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Diana Vishneva: Dialogues

March 23, 2012

Diana Vishneva & Andrey Merkuriev in Subject to Change Photo by Gene Schiavonne

Diana Vishneva has returned to City Center with Dialogues, a new project from the Mariinsky Theatre, Diana Vishneva Foundation and Ardani Artists, the team that brought us Vishneva’s Beauty in Motion in 2008.

The evening opened with Martha Graham’s Errand into the Maze, created in 1947, it was a signature work of Ms. Graham and like one of many, she danced the title role. I was unsure how Ms. Vishneva would do in such a noted ballet, especially a ballet whose vocabulary tends problematic for classically trained dancers.

Ms. Vishneva known for her effortless technique and demanding on-stage presence graduated the Agrippina Vaganova Academie of Russian Ballet in St. Petersburg and won the Gold Medal and Grand Prix of The International Ballet Competition in Lausanne. The same year she graduated, 1995, she became a member of the Mariinsky Ballet Company and was promoted to principal dancer in 1996. Since 2005 she has been a guest principal dancer with the American Ballet Theatre in New York.

Errand into the Maze, performed to the music of Gian-Carlo Menotti  with costumes by Graham and set created by Isamu Noguchi  was inspired by the myth of Ariadne and the Minotaur. Walter Terry wrote in The New York Herald Tribune (1947) that “…the demon is fear,  the deity is courage. Aspects of the evil and the good, then, in humankind, are  given substance for us to regard in that pantheon which is Miss Graham’s  theatre of dance”.

Abdiel Jacobsen & Diana Vishneva in "Errand into the Maze" Photo by Julieta Cervantes for The New York Times

Ms. Vishneva portrayed an Ariadne that is emotional, ever questioning and in doing so perfectly captures the embodiment of Graham. Ms.Vishneva transformed into a woman of intense emotion and who struggles with her inner terror, evidenced with shudders and rapid quick contractions of the upper body. Pushing aside her fear, she finds her inner strength and does battle with the Minotaur.

Abdiel Jacobsen as the Minotaur was superb. With his arms constrained by a yoke, he dominates Ms.Vishneva , he grabbs and swings her, forcing her to the floor begins kicking her repeatedly in her midsection. He is ferocious in his intensity and gave a performace that was more than a little sexually charged. He was a thrill!

Ms. Vishneva,  wrapped in the psychological struggle of her inner self, gave all the ballet requires. She was dauntless in her approach of the Graham technique. She became Ariadne, not acting it, seeming to channel Martha Graham in every movement and gesture. It was inspiring to see Graham danced so well and wonderful to see her work on a grand stage. Bravo!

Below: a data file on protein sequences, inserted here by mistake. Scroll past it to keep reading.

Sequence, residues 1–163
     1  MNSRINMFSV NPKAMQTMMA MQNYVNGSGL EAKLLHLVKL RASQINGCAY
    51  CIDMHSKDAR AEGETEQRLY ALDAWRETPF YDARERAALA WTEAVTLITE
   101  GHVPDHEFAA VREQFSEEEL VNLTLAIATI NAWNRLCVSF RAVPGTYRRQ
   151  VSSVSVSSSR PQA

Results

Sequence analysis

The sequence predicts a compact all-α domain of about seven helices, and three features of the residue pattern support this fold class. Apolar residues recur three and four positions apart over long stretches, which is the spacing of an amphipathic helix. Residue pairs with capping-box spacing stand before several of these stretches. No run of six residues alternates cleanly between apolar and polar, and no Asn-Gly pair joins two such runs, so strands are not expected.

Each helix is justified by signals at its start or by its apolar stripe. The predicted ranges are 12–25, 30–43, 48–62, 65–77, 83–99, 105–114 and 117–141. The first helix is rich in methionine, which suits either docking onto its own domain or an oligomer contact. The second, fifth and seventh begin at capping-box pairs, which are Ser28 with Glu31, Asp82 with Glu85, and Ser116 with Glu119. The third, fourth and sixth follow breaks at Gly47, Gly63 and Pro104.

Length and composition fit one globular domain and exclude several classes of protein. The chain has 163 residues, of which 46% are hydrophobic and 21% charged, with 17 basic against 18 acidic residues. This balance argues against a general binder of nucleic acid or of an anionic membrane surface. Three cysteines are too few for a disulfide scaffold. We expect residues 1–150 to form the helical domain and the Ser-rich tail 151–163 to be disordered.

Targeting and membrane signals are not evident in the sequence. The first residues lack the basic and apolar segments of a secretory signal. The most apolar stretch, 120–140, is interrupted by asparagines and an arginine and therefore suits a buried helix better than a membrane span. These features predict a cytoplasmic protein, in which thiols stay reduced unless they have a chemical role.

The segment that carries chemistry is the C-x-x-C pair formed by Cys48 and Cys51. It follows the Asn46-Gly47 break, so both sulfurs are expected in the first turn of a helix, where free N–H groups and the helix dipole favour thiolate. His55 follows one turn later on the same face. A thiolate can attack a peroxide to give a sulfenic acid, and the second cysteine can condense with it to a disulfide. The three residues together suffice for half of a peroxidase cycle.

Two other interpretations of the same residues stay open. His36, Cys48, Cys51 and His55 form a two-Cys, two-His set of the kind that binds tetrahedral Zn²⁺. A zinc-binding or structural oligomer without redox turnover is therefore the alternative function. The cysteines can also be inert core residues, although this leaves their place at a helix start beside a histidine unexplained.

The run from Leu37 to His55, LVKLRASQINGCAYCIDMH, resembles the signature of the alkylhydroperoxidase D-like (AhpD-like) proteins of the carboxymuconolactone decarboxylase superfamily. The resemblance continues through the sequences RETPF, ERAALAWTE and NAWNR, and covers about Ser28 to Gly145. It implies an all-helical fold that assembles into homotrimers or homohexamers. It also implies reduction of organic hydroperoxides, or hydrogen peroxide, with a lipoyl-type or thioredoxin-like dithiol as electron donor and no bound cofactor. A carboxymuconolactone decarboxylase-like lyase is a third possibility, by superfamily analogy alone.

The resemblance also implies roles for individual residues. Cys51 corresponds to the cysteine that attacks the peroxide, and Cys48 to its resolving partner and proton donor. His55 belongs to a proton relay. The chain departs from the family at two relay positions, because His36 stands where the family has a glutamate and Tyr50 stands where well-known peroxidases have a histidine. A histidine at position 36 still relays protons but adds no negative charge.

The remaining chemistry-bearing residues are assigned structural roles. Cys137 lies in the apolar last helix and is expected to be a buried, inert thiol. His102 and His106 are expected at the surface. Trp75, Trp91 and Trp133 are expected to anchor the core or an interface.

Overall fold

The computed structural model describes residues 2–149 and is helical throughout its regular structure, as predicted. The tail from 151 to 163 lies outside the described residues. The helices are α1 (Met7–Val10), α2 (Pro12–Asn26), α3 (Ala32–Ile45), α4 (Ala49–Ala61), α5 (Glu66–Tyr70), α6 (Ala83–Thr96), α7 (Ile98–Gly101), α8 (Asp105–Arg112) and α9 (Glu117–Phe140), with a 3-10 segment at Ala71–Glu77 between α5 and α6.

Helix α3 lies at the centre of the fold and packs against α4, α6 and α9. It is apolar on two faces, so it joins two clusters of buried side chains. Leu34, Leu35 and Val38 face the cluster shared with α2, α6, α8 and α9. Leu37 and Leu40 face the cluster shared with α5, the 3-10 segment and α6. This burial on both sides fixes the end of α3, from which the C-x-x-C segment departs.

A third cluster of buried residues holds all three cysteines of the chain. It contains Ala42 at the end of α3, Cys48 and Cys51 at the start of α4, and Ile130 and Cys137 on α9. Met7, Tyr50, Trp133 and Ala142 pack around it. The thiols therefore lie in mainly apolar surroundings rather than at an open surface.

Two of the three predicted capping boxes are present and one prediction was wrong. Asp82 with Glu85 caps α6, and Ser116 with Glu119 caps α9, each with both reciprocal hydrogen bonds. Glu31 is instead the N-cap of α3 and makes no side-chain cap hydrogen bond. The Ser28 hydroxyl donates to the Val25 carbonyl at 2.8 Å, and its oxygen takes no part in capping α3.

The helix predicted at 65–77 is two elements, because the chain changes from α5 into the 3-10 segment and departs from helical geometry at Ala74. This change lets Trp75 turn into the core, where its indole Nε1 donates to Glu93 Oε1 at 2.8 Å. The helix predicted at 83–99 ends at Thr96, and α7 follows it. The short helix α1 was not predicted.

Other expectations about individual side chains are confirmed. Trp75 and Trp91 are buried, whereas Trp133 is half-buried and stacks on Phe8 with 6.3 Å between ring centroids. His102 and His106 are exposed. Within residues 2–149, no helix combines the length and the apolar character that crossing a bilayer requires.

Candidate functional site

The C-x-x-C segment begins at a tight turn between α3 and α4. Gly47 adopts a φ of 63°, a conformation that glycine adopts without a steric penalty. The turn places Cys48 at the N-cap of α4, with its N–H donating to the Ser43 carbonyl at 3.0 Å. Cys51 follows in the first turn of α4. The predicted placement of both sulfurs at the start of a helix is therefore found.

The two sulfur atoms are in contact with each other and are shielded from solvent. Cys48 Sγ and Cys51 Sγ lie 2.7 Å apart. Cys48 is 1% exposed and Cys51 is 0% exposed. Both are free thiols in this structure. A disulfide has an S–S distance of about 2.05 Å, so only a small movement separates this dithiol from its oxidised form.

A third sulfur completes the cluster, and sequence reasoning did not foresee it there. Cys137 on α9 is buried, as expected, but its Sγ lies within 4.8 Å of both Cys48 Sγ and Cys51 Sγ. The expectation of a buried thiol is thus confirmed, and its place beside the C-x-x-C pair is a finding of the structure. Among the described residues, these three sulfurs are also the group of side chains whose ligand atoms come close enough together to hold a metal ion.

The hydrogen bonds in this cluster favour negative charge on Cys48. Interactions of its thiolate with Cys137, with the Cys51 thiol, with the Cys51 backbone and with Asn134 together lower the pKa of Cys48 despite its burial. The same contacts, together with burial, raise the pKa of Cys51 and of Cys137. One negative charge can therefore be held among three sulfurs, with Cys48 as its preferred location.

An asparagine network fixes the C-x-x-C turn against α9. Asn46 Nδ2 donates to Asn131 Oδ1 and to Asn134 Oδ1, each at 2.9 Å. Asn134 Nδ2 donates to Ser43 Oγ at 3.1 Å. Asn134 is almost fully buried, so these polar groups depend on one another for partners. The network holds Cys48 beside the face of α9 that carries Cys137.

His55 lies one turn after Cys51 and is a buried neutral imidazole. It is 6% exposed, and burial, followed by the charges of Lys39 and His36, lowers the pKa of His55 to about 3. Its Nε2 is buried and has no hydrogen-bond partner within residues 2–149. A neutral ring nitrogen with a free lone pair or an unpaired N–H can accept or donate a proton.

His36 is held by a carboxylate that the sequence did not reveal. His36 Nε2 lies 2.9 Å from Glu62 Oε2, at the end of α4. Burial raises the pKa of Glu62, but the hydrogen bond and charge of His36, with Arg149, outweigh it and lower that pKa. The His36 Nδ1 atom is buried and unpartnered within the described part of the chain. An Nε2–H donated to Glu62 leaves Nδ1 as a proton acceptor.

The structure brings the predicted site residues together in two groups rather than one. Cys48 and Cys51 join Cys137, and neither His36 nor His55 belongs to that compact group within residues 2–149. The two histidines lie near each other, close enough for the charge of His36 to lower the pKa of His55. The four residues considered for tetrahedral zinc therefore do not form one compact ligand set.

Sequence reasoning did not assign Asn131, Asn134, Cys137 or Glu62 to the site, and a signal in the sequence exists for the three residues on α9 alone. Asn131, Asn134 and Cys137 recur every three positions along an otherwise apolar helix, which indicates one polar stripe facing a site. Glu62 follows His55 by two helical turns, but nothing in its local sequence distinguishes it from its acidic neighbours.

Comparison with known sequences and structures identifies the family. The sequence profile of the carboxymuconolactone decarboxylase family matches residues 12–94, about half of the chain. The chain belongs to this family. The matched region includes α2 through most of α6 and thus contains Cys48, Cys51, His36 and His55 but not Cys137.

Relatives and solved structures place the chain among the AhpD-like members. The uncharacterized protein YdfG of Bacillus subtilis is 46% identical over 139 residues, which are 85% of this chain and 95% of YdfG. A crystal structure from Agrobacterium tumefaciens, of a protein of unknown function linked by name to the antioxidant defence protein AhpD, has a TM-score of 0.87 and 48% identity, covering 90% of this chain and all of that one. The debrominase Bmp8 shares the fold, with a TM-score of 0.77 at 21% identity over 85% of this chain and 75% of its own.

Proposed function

Diana Vishneva & Marcelo Gomes in Vertigo Photo by Gene Schiavonne

Due to an injury incurred by Thiago Bordin, the John Neumeier ballet, Dialogues was replaced by Mauro Bigonzetti’s Vertigo. Replacing Mr. Bordin was Marcelo Gomes and he was mysterious and fascinating.  He pushes and pulls  Ms. Vishneva off-center and she flows from one movement to another. The duet, sensual and full, was a fest for the eyes.

The last offering was “Subject to Change” by Paul Lightfoot and Sol Leon to music of Schubert and Mahler. This is one of the most exciting pieces of choreography I have seen this year. The curtain opens to a bare stage, in the center a rolled carpet, four men in black suits come on and with their feet start to unroll it.  It expands to be a large red carpet and Andrey Merkuriev (principal dancer with the Bolshoi Ballet) emerges shirtless from the darkness, stepping past the four men and executes Grand Jeté to the floor, the audience is stunned by his quickness and daring.

Ms. Vishneva then steps to the center of the carpet, she is captivating, and our eyes follow her as if hypnotized. Mr. Merkuriev and Ms. Vishneva flow in and out of duets and solos that possess a serious playfulness. The four men reappear,(Anton Pimonov, Alexei Nedviga, Ilya Petrovand Fedor Murashov of the Mariinsky Ballet) shouting in Russia as the move furiously in the background. They are frightening! Each completing solos of dazzling turns and swift jumps.

Subject to Change, choreographed during a crisis in the life of Mr. Lightfoot and Ms. Leon is emotional charged and vibrant. Ms. Vishneva gave it her all, pouring her heart and soul into the work. It was amazing!

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From → Ballet, Dance

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